Nietzsche, 'law in becoming' and 'play in necessity'

Nietzsche on Heraclitus— 'play in necessity' and 'law in becoming'— illustrated.

The Chosen One

Filed under: General — m759 @ 6:55 AM

See also Turing + Dyson in this  journal.

Friday, December 30, 2016

ZZZ Accounting

Filed under: General — Tags: — m759 @ 8:48 PM

Or:  Lost in Conversion

The main title is the name of Ben Affleck's firm in "The Accountant."
The subtitle was suggested by religious remarks in the previous post.

From "The Man Who Tried to Redeem the World with Logic" —

"The following June, 1945, von Neumann penned
what would become a historic document entitled
'First Draft of a Report on the EDVAC,' the first published
description of a stored-program binary computing machine—
the modern computer."

Image from von Neumann's report

Version converted to text —

See also "Turing + Dyson" in this journal . . . 

For a character  that "spans both worlds,"
see posts tagged "Oscar Day 2007."

Related image data —

" 'No views' is good." — Christian Wolff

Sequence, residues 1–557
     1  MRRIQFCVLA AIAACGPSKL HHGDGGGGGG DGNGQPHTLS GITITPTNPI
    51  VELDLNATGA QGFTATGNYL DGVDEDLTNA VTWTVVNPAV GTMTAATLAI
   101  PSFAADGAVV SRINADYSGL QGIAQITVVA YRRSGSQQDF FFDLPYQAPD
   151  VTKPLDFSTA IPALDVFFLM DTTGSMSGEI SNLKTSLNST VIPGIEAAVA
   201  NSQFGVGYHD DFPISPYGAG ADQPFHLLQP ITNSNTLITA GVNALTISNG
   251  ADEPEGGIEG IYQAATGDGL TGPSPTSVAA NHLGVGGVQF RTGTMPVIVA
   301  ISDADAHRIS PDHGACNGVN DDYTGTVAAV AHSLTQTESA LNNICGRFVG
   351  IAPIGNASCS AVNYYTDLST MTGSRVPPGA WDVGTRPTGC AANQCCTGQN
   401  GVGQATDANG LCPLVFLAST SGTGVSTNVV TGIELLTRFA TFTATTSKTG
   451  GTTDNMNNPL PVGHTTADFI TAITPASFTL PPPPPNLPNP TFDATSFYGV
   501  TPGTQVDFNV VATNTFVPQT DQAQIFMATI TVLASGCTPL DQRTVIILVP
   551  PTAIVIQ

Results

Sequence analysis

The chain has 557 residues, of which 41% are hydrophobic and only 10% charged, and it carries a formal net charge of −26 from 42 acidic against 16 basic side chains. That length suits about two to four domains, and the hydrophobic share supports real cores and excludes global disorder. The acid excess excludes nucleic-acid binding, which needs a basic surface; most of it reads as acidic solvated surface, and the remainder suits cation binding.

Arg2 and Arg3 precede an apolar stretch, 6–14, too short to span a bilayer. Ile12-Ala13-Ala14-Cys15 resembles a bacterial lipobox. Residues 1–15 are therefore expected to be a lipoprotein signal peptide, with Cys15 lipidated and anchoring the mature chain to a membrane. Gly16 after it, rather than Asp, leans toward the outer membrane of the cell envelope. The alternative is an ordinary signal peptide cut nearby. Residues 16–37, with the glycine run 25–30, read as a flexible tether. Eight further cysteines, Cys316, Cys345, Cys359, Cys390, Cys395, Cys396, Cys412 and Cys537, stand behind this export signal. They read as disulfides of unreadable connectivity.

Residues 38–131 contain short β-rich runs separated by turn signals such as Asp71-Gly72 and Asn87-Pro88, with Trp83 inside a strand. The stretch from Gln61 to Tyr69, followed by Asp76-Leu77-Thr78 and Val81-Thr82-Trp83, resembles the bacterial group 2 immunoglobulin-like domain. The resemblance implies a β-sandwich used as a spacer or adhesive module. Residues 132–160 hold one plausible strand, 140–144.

Friday, November 6, 2015

Girard’s Transition

Filed under: General — m759 @ 10:15 AM

"Eight is a gate." — Mnemonic rhyme

Girard reportedly died at 91 on Wednesday, Nov. 4, 2015.

Sunday, December 14, 2014

Time, Space, Code

Filed under: General — Tags: — m759 @ 11:59 PM

Some words and an image related to today's posts —

IMAGE- Excerpt from book 'Turing's Cathedral'

Saturday, April 13, 2013

Princeton’s Christopher Robin

The title is that of a talk (see video) given by
George Dyson at a Princeton land preservation trust,
reportedly on March 21, 2013.  The talk's subtitle was
"Oswald Veblen and the Six-hundred-acre Woods."

Meanwhile

Thursday, March 21, 2013

Geometry of Göpel Tetrads (continued)

m759 @ 7:00 PM

An update to Rosenhain and Göpel Tetrads in PG(3,2)
supplies some background from
Notes on Groups and Geometry, 1978-1986,
and from a 2002 AMS Transactions  paper.

IMAGE- Göpel tetrads in an inscape, April 1986

Related material for those who prefer narrative
to mathematics:

Log24 on June 6, 2006:

 

The Omen:


Now we are 
 

6!

Related material for those who prefer mathematics
to narrative:

What the Omen narrative above and the mathematics of Veblen
have in common is the number 6. Veblen, who came to
Princeton in 1905 and later helped establish the Institute,
wrote extensively on projective geometry.  As the British
geometer H. F. Baker pointed out,  6 is a rather important number
in that discipline.  For the connection of 6 to the Göpel tetrads
figure above from March 21, see a note from May 1986.

See also last night's Veblen and Young in Light of Galois.